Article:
Courtesy Ernst & Young


The role of the CFO is entering a period of disruptive uncertainty amid less clarity

The role of the Chief Financial Officer (CFO) is being disrupted in an unprecedented way. As a result, it is now more likely that the career development path to a senior finance role will flex and shift on the basis of variables that include market context, personal ambitions and expressed or implied expectations of key stakeholders in the process.

And CFOs are responding to these pressures in different ways.

Research undertaken by Ernst & Young (EY) reveals that it is increasingly difficult to decode the DNA of a finance leader because profiles and job descriptions are becoming more diverse. Roles vary depending on the disruptions CFOs and their organisations face, as well as their company, sector, geographical and personal strengths.

In this environment, perceptions of what makes a great CFO are more difficult to pin down, and the expectations of colleagues are shifting. Tomorrow’s CFO must bring a breadth of finance and non-finance experience, capabilities, new perspectives, know-how and a degree of creativity to the role.

MOBILE CAREER PATH The finance leader must define a more forward-looking and mobile career path that builds capabilities in key areas in addition to finance – such as operations, customer and commercial focus, business partnering, strategy and transformation.

These capabilities must be complemented by leadership qualities like the ability to inspire and motivate high-performing finance teams, leading change, shaping a dynamic culture and setting out a compelling vision that helps navigate change.

A leadership development plan is imperative for an aspiring leader, and it must encompass experiential and academic training, mentoring and managing change projects. And as organisations face a more connected, globalised and scrutinised future, tomorrow’s finance leaders must think strategically about the know-how and credentials they need to succeed in the future.

BUSINESS INFLUENCERS What experiences will they need? And what formative relationships do they need to cultivate with key influencers in the organisation?

A global survey by EY among finance leaders in large organisations suggests that 64 percent have ‘worked in more than one sector,’ while 53 percent have ‘significant experience working in different international environments’ and 43 percent have ‘significant business experience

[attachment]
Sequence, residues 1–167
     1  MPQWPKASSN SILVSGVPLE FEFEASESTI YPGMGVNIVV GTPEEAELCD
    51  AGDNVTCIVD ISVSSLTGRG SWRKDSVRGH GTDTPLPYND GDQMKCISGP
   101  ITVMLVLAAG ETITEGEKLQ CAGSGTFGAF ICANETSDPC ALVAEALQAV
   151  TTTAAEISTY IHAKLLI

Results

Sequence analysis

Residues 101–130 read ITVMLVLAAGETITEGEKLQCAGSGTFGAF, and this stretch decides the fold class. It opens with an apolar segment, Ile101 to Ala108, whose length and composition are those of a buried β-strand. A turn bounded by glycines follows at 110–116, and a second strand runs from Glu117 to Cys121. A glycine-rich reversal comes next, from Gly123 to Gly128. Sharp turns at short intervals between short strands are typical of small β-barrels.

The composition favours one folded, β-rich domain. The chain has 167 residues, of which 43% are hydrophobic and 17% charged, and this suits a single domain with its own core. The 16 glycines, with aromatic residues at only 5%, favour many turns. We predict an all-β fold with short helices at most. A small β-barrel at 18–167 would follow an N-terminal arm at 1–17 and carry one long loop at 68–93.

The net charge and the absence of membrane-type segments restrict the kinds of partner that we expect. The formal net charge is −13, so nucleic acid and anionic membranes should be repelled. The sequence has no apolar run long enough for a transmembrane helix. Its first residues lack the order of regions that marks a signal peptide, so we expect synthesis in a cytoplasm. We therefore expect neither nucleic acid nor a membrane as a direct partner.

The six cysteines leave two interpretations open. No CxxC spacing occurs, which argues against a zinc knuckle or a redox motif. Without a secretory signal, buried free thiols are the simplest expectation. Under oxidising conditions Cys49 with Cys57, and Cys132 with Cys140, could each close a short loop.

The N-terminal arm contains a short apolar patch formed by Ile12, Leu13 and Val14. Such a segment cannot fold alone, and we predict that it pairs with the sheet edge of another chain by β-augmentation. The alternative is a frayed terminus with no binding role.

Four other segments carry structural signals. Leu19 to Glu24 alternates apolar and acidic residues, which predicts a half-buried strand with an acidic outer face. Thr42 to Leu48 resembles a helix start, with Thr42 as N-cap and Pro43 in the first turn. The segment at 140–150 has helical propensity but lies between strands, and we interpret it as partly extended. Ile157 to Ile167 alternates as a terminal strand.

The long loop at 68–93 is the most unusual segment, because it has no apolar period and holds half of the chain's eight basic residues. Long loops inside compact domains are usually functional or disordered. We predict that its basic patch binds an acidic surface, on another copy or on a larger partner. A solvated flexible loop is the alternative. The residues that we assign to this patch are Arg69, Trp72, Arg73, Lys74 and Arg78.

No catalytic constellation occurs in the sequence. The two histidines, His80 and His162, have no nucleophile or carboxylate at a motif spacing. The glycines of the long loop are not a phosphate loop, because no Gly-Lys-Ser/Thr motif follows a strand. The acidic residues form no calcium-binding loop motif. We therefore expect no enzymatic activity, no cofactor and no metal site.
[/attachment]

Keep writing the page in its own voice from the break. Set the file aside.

gained in roles outside finance.’

Until recently, the steps that aspiring chief financial officers needed to take followed a relatively clear and linear path that had been trodden by many successful CFOs at major organisations as they rose through the ranks. But today, the CFO’s career path has been severely disrupted on all rungs of the ladder.

The emergence of shared services is executing many finance tasks and disrupting the training ground of many graduate finance executives. Robotics and process automation will continue to reduce opportunities for junior finance executives to gain experience in managing the fundamentals of finance. Secondments to shared services centres will become a common feature of the finance apprenticeship.

NEW TECH CHALLENGES And the midpoint of entry to a CFO role is being challenged with sophisticated technology, leading to changes in the skills of individuals at this level where the need is insight to derive more informed business decisions. Business partnering skills that include high emotional intelligence, influencing power and communication skills will become increasingly important.

The profile of a CFO will be varied in terms of experience and skills. It needs to be customised to the strategy, culture and maturity of the business and industry. In some organisations, non-traditional CFOs are being parachuted in over staff with finance backgrounds.

In some cases, operational skills are being prized over traditional finance know-how. Group financial controllers who might have once been the natural successors to the CFO now require a broad spectrum of non-finance skills to make the step or remain as the second in command.

EY asked finance leaders worldwide what skills and experiences would be important for high-performers to make the transition to the CFO role in the future. Strategy and commercial experience emerged as being key.

FLEXIBLE CAREER PATH So how do we replace the traditional linear career path with a more flexible one?

It involves gaining international exposure, building effective relationships (including the board), acquiring a breadth of finance experience (including M&A), leading finance transformation projects or other change management leadership roles, taking on business partnering roles, becoming involved in strategic planning, establishing operational roles with a customer or commercial focus, building experience across the value chain (including the front office, back office and suppliers) and securing secondments.

CFOs will continue to wield considerable influence across the organisation. Finance leaders will enjoy a high profile both internally and externally. And finance leadership will continue to be a route to the top of the organisation… including the CEO’s office. But it is also a role that’s becoming more demanding and challenging for incumbents.

The role of a CFO is entering a period of disruptive uncertainty and there is less clarity on how success will be defined in the future.